Both the organization and the Carter Center said they are deeply concerned by reports of intimidation of signers of recall petitions. The two groups said that signers of recall petitions should be able to freely exercise their "right to reparo, without harassment or coercion."

The two groups also said that "in light of the growing tensions" in Venezuela, "we urge all political actors, media, and the population in general to demonstrate to the world in the coming weeks the strength of the democratic spirit and the desire for peaceful coexistence. . .."

In addition, the organizations offered their "promise" to continue working with the Venezuelan authorities "and all political actors to strengthen democracy in Venezuela."

The State Department official said that Chavez and his supporters have "lashed out" at the United States with "virulent, false and outrageous" charges, in an attempt to draw attention away from the recall referendum process.

Chavez also has called Venezuelans who signed the recall petition traitors, and government officials have threatened to fire civil servants who supported the recall. 

Former Guatemalan dictator confined to his home
By the A.M. Costa Rica wire services

GUATEMALA CITY, Guatemala — In what is being called an unprecedented ruling, an appeals court judge ordered house arrest Thursday for a former military dictator, retired Gen. Efrain Rios Montt. 

Rios Montt will not be able to leave his residence until he goes to trial on manslaughter charges. The charges stem from violent protests that took place in Guatemala City in July during which a journalist Hector Ramirez died of a heart attack as he ran from an angry mob. 

Rios Montt has been accused of inciting the mobs which terrorized the city demanding the courts allow him to run for president.

At the time, Rios Montt was the president of Guatemala's congress. Soon after the riots, courts gave him the green light to run, despite a constitutional ban on former dictators running for president. He lost the November elections to the pro-business candidate Oscar Berger.

Since he no longer holds public office, Rios Montt has lost the immunity from prosecution that all legislators enjoy, opening up the possibility he could stand trial for manslaughter and other rights abuses during his rule in the early 1980s.  Rios Montt was not available for comment.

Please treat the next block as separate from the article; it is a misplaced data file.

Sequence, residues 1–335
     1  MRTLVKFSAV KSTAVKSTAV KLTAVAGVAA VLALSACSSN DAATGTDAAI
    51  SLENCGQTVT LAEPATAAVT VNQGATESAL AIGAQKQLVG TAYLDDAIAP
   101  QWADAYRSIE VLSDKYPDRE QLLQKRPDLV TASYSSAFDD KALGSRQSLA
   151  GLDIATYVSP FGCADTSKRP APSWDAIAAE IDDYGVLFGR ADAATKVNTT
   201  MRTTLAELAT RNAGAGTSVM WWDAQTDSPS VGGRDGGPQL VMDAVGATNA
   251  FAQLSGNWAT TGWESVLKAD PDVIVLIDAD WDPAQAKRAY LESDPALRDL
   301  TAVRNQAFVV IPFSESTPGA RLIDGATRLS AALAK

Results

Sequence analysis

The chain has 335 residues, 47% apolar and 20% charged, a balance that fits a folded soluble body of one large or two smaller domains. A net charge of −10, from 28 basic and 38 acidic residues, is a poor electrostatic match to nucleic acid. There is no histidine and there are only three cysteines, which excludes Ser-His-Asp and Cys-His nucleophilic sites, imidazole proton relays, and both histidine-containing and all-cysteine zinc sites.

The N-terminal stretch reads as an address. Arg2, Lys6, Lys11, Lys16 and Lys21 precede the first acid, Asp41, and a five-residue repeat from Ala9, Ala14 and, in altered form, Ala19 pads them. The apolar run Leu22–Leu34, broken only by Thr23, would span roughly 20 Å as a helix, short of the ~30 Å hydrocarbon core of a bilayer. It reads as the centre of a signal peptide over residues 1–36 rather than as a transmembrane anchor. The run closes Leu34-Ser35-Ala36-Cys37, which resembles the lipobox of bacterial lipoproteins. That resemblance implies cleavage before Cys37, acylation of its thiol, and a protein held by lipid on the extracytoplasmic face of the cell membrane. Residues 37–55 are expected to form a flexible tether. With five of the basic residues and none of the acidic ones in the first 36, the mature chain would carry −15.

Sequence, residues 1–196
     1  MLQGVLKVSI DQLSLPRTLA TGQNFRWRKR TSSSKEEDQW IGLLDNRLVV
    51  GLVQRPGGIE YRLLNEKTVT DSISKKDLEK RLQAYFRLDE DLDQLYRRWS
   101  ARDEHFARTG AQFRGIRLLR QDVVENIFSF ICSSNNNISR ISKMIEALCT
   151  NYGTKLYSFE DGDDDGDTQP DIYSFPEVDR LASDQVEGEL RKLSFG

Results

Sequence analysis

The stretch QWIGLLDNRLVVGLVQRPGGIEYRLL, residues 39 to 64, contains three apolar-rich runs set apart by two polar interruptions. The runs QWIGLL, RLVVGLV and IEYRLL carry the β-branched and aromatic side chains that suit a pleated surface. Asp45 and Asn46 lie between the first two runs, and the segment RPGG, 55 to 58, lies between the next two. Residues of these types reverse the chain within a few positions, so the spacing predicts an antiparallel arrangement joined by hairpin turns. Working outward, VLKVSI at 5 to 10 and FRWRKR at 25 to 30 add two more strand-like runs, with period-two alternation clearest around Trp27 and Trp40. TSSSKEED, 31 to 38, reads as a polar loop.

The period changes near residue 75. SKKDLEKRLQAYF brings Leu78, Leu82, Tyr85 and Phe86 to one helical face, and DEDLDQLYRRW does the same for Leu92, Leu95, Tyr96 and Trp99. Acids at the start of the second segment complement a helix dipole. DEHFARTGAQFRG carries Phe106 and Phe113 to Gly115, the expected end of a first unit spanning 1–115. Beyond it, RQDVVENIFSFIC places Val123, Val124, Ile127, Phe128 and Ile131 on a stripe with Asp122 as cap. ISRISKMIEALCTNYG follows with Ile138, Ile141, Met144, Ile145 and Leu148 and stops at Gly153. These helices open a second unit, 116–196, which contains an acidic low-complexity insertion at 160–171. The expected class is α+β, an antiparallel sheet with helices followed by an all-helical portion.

Since taking the office in January, President Oscar Berger has launched a new campaign to root out corrupted officials.

Dissident says that 100,000 are in Castro's prisons
By the A.M. Costa Rica wire services

HAVANA, Cuba — A prominent Cuban dissident says about 100,000 people are in prison in Cuba today, compared to 4,000 before President Fidel Castro seized power in 1959.

Elizardo Sanchez of the non-governmental Cuban Commission for Human Rights and National Reconciliation spoke here.

Sanchez said psychological torture, such as sleep deprivation, is common in Cuban prisons. 

Sanchez, himself a former prisoner, said that more than 300 people are behind bars for politically-motivated crimes. He also said the Red Cross has not inspected Cuba's prisons since 1988. He said Cuba's prison system constitutes a tropical gulag.

The figures given by Sanchez could not be independently verified. But the United Nations 

and international human rights groups have criticized Cuba for jailing people who speak out against the government.

Cuban officials say the prisoners are "mercenaries" whose aim is to subvert the government.

Meanwhile, Cuba's envoy to the United Nations says the nation's dollar-only stores have been closed temporarily while the government assesses the affect of what it calls brutal new measures imposed by the Bush administration.

Cuban U.N. envoy Orlando Requeijo Gual said Wednesday the closings are temporary. Earlier, the Cuban government suspended the sale of all but food and personal hygiene products in stores where only U.S. currency is accepted. 

Last week, President Bush announced that nearly $60 million will be spent over two years to help "hasten the day" when, as he put it, the Cuban people will be free." 

Jo Stuart